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There are quite a few policy makers in Jerusalem who believe that deploying several hundred Egyptian soldiers along the Philadelphi route is a strategic mistake, which will lead to disaster. The most prominent and outspoken among them is, of course, Yuval Steinitz, chair of the Knesset Foreign Affairs and Defense Committee. But he is not alone.

Even 26 years after the signing of the peace treaty with Egypt, many believe, as does Steinitz, that the peace is temporary, and that Israel must prepare for the next war with Egypt. The strongest proof of Egypt's true intentions is its massive military armament. Why does Egypt need such a large and advanced army, they ask, if it has no intention of fighting Israel in the future? After all, Egypt has no other enemies whose military power justifies such extensive armament. And if Egypt is in fact planning war, why should Israel help it prepare, by allowing the deployment of an Egyptian military force on the border of the Gaza Strip?

In the security services, opinion was divided on the issue of deploying the Egyptian soldiers at Philadelphi, but in the end, the army adopted the prime minister's position and cooperated with the Egyptian army so that the route could be transferred to it in an orderly fashion. This is no small thing if we recall that only two years ago, it was Defense Minister Shaul Mofaz who expressed surprise and concern at increasing Egyptian strength.

It is true that the Egyptian army is becoming stronger. During the past two decades, it has become a modern army equipped with the best in Western arms. The Egyptian Air Force has about 220 F-16 combat planes, and its armored corps has 3,500 tanks, including advanced American Abrams tanks. It has ballistic missiles, and about half a million regular soldiers make up its ranks. It is also true that Libya and Sudan, which border Egypt, do not represent a genuine military threat.

However, the reason for the military strengthening of Egypt is not the desire to wage war on Israel, but rather fear of Israel. It is hard for Israelis to believe that anyone is liable to consider their peace-loving country a military threat. But as is written in the annual report on the balance of power in the Middle East recently published by Tel Aviv University's Jaffee Center for Strategic Studies, Egypt sees Israel as a genuine threat, for several reasons.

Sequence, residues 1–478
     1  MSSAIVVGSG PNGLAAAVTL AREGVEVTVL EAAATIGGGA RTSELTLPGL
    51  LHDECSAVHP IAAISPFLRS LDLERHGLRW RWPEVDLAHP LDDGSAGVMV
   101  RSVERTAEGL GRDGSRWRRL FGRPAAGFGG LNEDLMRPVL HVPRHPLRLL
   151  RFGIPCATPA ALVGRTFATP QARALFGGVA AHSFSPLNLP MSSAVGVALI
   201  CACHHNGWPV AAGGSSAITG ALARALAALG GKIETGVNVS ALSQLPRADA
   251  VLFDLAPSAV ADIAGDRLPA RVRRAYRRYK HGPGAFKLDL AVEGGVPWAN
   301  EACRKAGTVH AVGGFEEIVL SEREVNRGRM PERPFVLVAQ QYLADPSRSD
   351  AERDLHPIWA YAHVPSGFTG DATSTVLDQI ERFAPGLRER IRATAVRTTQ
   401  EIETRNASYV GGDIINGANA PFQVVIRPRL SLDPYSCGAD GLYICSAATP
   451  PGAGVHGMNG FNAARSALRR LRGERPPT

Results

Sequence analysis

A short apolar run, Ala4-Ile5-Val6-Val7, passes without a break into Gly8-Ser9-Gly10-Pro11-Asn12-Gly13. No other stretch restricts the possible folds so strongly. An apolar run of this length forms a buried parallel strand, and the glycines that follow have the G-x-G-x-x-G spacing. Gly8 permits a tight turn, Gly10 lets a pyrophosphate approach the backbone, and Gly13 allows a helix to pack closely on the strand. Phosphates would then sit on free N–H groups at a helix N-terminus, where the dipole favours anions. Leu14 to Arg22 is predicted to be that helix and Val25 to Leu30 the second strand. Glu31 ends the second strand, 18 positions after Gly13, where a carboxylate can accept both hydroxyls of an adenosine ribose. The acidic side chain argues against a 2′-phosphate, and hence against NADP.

The first is that the Israel Defense Forces is stronger than Egypt's army. The Egyptian regime sees Israel as an unstable factor, which tends to use force to resolve political problems. Egypt believes that Israel has extremist forces, whose rise to power is liable to lead to belligerence. In Cairo they have not forgotten the declaration by Avigdor Lieberman, who as minister of national infrastructure in 2001 warned that the IDF could destroy the Aswan Dam. Egypt regards the building of a modern military force as a factor that will deter Israel and ensure the stability of the peace treaty.

A third reason involves Egypt's low self-image in relation to Israel. Israeli economic, military, scientific and technological superiority intensifies Egyptian frustration, and this gap spurs Egypt to compete with Israel in the area of arming itself.

Regarding the fear of Egypt's increased military strength, the Jaffee Center researchers state that "While the Egyptian army has closed gaps in the area in which it was weak during the Yom Kippur War, the IDF has been racing ahead, and has even widened the qualitative gap, thanks to the technological revolution it has carried out. The future war is based on guided weapons, intelligence systems for collecting targets and control systems that provide integration between intelligence and the sources of fire. You don't see that in the Egyptian army." Military Intelligence shares this assessment of the gap between the IDF and the Egyptian army.

But even if they are all mistaken, a rational analysis of Egypt's economic situation, its dependence on the United States and its long-term political aims reveals that war against Israel totally contradicts its national interests. Even Egypt's long-term civilian projects do not testify to preparation for war. In the Kantara area, a peace bridge is being built with Japanese funding, and in another place near the canal, the Firdan Bridge, which was destroyed in the Yom Kippur War, is being rebuilt.

The Egyptians are also planning to build a road from the bridge to Gaza. "Anyone thinking of an attack would not have built billions of dollars worth of infrastructure, which can be destroyed with one missile," it was said in an intelligence discussion.

But even if this assessment is basically incorrect, an Egyptian decision to go to war against Israel will take a huge toll on the Egyptian army. The Sinai Peninsula, which separates Israel from Egypt, is a partition area 200-300 kilometers in width. Here too, it is worthwhile listening to the Jaffee Center: Sinai is a desert region, almost without vegetation and with a sparse population, and therefore it is an ideal "killing ground." If the Egyptian army dares to cross the Suez Canal and enter Sinai, it will find itself in a trap in which the IDF, by means of its precision weapons, has absolute superiority over it. For Steinitz's information, the 750 Egyptian soldiers deployed along the Philadelphi route will not change this scenario.